Director Devanshu Singh’s film is a romcom, a masala entertainer that keeps a smile on your lips all throughout
The unrest around inter-caste marriages in India even today is a real thing. 14 Phere highlights this in an amusing manner, wherein what you see is characters embroiled in conflicting situations and at the same time making you laugh at how tricky life can be. The standard narrative structure of a screenplay throws a conflict at the characters by the end of first act and then they attempt to resolve it during the course of the film. Here, pleasantly for the audience, the screenplay is loaded with conflicts. While one is brought solution to, another one is ready to spark off.
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Sanjay (Vikrant Massey) and Aditi (Kriti Kharbanda) are a live-in couple, well off in their professions, and truly in love with each other. They want to get married to each other, but their castes and the respective families that sing ‘honour’ in every word won’t let them do it. They then hatch a plan, a plan that’s full of risks and twists.
Written by Manoj Kalwani, the story is interesting. Simple at the outset, but layered and actually practical in terms of the realism appeal. The way the idea has been conceived, you relate to the incidents because you find connecting dots in your own life or circle that you are in. Brilliant is the thought of the elongated opening scene where the makers establish so much in so little that you actually don’t need the entire build up of a love story. Watch it keenly to observe how carefully are the characters established along with their work space, mental frame of mind and what situations they are already in. And mind you, all this is integral to the drama at a later stage.
The scenes are crafted with energy and warmth, with exceptional production design and lighting contributing to the charming flavour. Whether the couple is mingling or falling in love, or when they move in together or how the guy decides to tell his family about his lady love, or how the two families are introduced to the viewers- it is all a very entertaining affair. It may seem a bit strange to see on screen how comfortably the characters talk of ‘honour killing’ and dowry as a regular means of practice, but coming to think of it- that’s a just portrayal of how things are. And that’s exactly where you find that connect.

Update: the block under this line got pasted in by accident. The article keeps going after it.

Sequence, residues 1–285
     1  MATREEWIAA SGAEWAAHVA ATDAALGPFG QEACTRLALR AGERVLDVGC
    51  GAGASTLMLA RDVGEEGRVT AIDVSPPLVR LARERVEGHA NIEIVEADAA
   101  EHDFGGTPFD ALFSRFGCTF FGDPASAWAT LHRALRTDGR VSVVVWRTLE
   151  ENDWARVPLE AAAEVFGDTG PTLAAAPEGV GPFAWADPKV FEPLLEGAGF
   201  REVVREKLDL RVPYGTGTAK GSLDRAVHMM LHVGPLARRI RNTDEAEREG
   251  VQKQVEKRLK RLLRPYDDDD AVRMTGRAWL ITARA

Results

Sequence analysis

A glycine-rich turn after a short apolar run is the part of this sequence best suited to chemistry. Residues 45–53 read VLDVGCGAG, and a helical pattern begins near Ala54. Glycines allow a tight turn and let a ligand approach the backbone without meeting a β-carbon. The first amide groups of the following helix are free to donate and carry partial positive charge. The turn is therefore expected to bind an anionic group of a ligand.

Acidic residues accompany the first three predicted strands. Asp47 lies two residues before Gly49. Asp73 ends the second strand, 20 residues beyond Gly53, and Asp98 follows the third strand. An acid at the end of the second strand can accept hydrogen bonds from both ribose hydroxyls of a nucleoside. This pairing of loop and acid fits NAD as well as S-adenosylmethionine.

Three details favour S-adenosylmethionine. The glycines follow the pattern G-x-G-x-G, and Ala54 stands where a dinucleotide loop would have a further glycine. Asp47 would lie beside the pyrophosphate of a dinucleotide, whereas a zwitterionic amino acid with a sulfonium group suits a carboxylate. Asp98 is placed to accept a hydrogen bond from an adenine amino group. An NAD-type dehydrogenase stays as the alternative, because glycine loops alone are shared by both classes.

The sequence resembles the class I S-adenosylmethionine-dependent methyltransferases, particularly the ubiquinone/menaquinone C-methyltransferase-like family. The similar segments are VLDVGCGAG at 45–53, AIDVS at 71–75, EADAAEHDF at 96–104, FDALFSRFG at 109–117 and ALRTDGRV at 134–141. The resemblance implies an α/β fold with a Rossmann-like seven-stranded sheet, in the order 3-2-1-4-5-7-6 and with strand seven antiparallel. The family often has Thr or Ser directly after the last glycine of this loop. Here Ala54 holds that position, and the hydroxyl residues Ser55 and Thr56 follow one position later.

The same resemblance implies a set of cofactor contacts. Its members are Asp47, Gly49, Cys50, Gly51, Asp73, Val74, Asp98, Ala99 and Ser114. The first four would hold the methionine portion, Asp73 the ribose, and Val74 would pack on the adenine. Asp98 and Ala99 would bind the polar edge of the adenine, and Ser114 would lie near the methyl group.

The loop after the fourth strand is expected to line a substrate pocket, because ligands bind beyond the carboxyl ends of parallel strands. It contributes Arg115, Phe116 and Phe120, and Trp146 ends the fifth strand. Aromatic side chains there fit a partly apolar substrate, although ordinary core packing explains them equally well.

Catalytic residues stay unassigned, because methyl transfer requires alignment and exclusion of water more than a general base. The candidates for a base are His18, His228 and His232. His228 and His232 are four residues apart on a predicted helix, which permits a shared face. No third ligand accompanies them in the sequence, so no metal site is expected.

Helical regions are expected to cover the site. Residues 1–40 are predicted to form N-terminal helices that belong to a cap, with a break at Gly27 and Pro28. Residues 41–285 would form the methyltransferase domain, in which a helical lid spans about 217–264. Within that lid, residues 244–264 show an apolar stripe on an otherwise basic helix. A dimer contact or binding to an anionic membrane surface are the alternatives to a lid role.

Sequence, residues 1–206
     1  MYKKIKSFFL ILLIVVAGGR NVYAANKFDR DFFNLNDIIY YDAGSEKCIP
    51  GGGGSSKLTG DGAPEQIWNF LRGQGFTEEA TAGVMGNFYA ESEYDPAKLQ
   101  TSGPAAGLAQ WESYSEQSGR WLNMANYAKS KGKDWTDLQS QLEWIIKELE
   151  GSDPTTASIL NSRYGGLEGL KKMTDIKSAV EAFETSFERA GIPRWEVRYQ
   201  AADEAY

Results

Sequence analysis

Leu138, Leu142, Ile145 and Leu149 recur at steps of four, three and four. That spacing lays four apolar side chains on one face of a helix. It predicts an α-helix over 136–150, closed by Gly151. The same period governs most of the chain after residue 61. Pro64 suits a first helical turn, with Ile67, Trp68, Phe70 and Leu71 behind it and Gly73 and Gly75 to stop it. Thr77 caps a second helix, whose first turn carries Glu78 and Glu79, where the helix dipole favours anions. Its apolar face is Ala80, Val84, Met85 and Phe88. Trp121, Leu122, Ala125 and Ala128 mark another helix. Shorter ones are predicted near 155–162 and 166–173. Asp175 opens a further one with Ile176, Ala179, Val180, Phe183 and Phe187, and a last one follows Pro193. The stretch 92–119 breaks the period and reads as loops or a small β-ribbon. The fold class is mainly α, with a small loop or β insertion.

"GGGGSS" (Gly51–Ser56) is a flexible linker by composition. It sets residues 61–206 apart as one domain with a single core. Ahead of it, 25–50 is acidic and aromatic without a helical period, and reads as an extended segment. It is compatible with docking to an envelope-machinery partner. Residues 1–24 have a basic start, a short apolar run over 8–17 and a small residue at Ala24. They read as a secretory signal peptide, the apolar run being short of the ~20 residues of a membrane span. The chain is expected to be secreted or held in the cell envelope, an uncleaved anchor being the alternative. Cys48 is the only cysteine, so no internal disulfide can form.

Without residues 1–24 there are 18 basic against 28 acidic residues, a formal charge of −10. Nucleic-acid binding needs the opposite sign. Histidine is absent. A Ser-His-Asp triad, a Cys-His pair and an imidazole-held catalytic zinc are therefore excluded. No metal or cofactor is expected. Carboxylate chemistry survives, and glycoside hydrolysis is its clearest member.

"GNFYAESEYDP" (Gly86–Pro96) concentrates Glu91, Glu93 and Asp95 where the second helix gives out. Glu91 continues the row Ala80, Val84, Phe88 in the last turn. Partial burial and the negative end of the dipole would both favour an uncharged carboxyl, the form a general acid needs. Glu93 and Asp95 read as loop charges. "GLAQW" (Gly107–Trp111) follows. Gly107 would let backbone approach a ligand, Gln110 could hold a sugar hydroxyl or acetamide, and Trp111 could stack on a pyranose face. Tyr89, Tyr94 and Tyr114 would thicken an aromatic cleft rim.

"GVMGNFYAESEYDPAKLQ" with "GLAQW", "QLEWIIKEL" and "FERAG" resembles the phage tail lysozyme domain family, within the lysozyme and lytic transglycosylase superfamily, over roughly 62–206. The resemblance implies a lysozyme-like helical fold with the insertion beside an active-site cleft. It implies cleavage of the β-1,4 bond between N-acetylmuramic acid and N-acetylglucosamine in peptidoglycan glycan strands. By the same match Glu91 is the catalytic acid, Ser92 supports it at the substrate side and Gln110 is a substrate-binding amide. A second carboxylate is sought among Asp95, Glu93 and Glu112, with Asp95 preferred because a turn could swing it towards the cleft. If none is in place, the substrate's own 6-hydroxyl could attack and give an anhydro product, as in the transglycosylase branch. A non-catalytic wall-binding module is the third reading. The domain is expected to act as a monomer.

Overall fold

Infact, what you also notice while all this is served at you, that the film isn’t only about the lead pair but how supporting characters have their say. It is very intelligent of the filmmakers to never put anything in the film just for the sake of it. Even a small scene that seems out of place at first, finds its relevance somewhere in the film. And everything happens to give strength to the main conflicting point of the film- how will this inter-caste marriage happen?
What is also noteworthy in the structure is that the conflicts shown are all of different kind. Although the pair is in love, they too have their won shares of conflicts. To add to it, their plan also invites troubles, so much so that you keep getting trouble and you yourself aren’t able to breathe. The film is also high on affection, emotions, and warmth- that families are known for- irrespective of the mess that it brings along. Devanshu Singh manages to keep the film grounded, disciplined and balanced trying to show two contrasting worlds that co-exist.